City Council Delays Vote On LA Pension Reform
LOS ANGELES (CBS) — The Los Angeles City Council postponed voting Friday on whether to ask voters to scale back the pensions of future Los Angeles police officers and firefighters.
The council heard a report from the actuary who studied the proposed ballot measure, then decided to wait until Tuesday to vote. The council has until Nov. 3 to approve the measure for placement on the March 8 ballot.
City Council President Eric Garcetti urged his colleagues to support the initiative, saying “We stick to the numbers, and an actuary who is bound by law to do analysis not based on politics but based on numbers actually showed that when pension is designed the right way, it is cheaper for the people of Los Angeles.”
According to the city’s budget analysts, pensions make up 18 percent of the city’s expenses this fiscal year, and will be double that by 2014.
State law hinders officials from reducing the pensions of existing employees, but a ballot measure can be used to scale back the retirement pay of future police officers and firefighters.
Currently, sworn personnel who retire at age 50 with 20 years of service are eligible to receive a minimum pension equivalent to 50 percent of their average salary during their final year at work.
The proposed ballot measure — unveiled by Mayor Antonio Villaraigosa on Monday — would reduce their pension to 40 percent of their average salary over their last two years of employment.
Both plans allow a maximum pension of 90 percent after 33 years of service. However, sworn personnel would reach that milestone at a slower pace under Villaraigosa’s plan.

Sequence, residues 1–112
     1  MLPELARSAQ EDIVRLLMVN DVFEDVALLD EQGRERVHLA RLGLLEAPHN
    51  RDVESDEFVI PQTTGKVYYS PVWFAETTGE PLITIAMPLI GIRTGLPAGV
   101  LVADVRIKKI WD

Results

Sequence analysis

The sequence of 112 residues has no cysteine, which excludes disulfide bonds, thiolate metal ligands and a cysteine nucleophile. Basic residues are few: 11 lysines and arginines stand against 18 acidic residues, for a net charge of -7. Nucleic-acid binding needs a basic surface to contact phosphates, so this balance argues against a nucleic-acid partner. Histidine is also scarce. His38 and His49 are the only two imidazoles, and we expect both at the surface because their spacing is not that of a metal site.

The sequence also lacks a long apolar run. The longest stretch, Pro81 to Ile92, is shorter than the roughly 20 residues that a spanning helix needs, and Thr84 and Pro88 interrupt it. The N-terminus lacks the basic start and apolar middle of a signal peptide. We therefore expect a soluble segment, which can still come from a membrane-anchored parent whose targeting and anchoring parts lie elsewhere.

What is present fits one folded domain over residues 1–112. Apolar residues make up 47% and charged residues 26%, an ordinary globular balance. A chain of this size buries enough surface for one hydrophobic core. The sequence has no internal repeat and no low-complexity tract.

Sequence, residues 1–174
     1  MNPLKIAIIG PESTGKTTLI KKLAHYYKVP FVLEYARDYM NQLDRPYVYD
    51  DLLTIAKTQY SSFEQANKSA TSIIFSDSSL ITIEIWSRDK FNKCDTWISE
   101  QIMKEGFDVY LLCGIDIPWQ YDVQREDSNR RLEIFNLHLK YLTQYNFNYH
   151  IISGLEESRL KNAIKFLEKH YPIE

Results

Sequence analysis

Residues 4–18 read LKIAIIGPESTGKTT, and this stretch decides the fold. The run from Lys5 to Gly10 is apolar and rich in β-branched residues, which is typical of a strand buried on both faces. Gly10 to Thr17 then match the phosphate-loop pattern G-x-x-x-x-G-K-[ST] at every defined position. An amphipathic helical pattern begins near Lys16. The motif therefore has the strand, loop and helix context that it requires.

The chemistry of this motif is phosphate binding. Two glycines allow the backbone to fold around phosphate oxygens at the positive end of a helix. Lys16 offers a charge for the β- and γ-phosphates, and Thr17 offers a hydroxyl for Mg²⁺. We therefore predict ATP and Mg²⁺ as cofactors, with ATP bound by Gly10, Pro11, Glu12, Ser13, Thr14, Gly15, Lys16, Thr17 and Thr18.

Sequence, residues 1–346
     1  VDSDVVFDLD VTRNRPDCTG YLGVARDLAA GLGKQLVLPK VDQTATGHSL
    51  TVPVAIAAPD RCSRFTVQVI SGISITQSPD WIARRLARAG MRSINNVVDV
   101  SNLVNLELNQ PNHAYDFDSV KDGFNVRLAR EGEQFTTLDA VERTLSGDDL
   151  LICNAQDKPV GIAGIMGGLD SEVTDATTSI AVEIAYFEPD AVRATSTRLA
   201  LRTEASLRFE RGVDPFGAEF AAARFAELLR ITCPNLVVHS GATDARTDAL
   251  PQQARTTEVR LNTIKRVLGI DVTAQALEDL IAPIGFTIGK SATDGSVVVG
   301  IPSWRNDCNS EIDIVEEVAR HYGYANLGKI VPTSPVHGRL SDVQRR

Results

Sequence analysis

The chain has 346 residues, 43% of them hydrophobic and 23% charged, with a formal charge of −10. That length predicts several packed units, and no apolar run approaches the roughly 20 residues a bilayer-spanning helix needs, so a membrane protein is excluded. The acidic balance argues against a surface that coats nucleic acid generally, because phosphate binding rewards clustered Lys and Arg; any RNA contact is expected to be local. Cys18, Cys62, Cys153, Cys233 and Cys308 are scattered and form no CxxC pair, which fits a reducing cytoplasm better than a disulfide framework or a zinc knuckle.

A police officer or firefighter currently can receive a pension of 65 percent after 25 years, and 80 percent after 30 years. Under the proposed ballot measure, they would instead earn a 55 percent pension after 25 years; and 75 percent after 30 years.
City Administrative Officer Miguel Santana explained on Monday, “We are rewarding employees … to work longer, and we’re penalizing employees who decide to retire at a younger age.
“The expected savings under this plan for the next 10 years is approximately $120 million — it’s a 20 percent reduction of what our pension costs are today,” he added.
Villaraigosa’s plan would also require sworn personnel to contribute 2 percent of their salary toward their post-retirement healthcare. Currently, they contribute 9 percent toward their pension, but nothing toward their healthcare after leaving the force.
If approved by voters, the ballot measure would apply to police officers and firefighters hired after next August.
But a group of civic and business leaders — including the heads of the Los Angeles Chamber of Commerce, Los Angeles Urban League, Los Angeles County Business Federation, Alliance for a Better Community and United Way of Greater Los Angeles — want even more drastic changes in retirement benefits.
They called for increasing the minimum retirement age to 65 for civilians and 55 for police officers and firefighters; reducing pension payments; requiring employees to help pay for their healthcare after retirement; setting a cap on cost-of-living increases; and basing pension
payments on the employee’s average salary during his or her last three years at work.
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